David Edds named 2013 Roe R. Cross Distinguished ProfessorApril 30, 2013
Teacher, scholar, mentor, Peace Corps volunteer. Today, Dr. David R. Edds added a new title — 2013 Roe R. Cross Distinguished Professor.
Edds learned of his award during a surprise announcement in the aquatics laboratory at Emporia State University where he and students in his ichthyology class were preparing to leave for a field trip.
Roe R. Cross Distinguished Professors are selected for their “scholarship, teaching and, in particular, mentoring students,” Dr. Brent Thomas, chair of the Division of Biological Sciences told Edds and his students.
Thomas led the announcement delegation that included Dr. Marie Miller, dean of the College of Liberal Arts and Sciences; Dr. Gwen Alexander, interim provost and vice president for academic affairs; and Dr. Michael D. Shonrock, president of Emporia State University.
Edds, who grew up in Independence, Kan., joined the faculty at Emporia State University in 1989.
“He is one of the most highly respected teacher on this or any campus by the people who truly matter most, the students,” wrote a colleague, describing students’ reactions to taking Edds’ classes.
A graduate student agreed, writing in the nomination packet that Edds “is a professor who cares about his students and wants them to succeed, pushing them past what they think their limits are.”
Edds earned an associate’s degree from Independence Community College and bachelor’s degree in biology from the University of Kansas, then served as a Peace Corps volunteer working in Siraha and Kathmandu, Nepal. While there, Edds was a volunteer and volunteer leader for fisheries extension and aquaculture, a conservation program developer and community foresty training project director.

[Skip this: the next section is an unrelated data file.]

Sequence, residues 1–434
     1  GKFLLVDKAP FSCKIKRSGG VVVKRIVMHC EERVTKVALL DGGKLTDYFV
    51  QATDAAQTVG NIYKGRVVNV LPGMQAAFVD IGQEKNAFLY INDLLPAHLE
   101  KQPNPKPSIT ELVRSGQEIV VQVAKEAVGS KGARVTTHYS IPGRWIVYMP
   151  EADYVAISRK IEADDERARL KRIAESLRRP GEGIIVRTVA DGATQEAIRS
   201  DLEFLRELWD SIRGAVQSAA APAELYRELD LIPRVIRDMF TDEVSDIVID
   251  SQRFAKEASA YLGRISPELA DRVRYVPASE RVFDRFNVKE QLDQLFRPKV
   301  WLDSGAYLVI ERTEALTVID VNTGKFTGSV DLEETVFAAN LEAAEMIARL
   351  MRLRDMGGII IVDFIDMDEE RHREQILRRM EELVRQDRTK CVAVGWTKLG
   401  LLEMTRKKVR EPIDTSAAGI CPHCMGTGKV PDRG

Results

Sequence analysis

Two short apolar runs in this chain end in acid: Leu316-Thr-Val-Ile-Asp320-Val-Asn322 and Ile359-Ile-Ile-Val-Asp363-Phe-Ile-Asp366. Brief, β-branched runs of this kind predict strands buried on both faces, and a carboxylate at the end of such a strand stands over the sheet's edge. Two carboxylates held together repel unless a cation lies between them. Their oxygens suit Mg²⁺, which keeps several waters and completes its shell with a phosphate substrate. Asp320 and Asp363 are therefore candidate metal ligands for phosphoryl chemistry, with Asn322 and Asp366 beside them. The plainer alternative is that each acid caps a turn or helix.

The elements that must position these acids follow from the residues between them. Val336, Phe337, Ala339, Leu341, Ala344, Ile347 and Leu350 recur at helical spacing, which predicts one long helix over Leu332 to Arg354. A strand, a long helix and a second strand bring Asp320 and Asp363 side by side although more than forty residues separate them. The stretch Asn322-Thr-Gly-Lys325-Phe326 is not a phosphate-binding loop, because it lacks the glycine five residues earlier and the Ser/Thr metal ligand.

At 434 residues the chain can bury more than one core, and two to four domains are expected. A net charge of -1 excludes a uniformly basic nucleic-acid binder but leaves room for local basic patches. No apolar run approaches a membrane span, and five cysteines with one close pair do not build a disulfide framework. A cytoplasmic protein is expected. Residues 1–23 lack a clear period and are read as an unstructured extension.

He returned to the United States to earn his master’s and doctorate degrees in zoology from Oklahoma State University. For his dissertation, he studied fish in Nepal’s Kali Gandaki/Narayhani rivers. Between earning his two graduate degrees, Edds spent another term with the Peace Corps in Kathmandu, this time as a math-science training project director.
During his time in Nepal, Edds conducted extensive research into the native fish populations. His work established research collections at Oklahoma State University and the University of Kansas that remain in use today.
Closer to home, Edds and his students have conducted extensive research into aquatic life in the Neosho River and other Kansas waterways. This research includes zebra mussels, the Neosho madtom and effects of dams on aquatic life.
Outside the campus community, Edds’ activities have included at the Emporia Area Regional Science and Engineering Fair, coaching soccer and baseball for the Emporia Recreation Commission and conducting aquatic ecology summer camps for Girl Scouts, the Youth Conservation Corps at the Flint Hills Wildlife Refuge and Emporia Recreation Commission summer camp.
He is a member of American Fisheries Society, American Society of Ichthyologists and Herpetologists, Chelonian Conservation Society, Southwestern Association of Naturalists, Kansas Academy of Science, Kansas Chapter of the American Fisheries Society and Nepal Fisheries Society.
The Roe R. Cross Distinguished Professor Award includes a $1,000 honorarium for professional activities. Edds will be honored at a university reception later this month, be listed in the spring commencement program and be the speaker at the December commencement.
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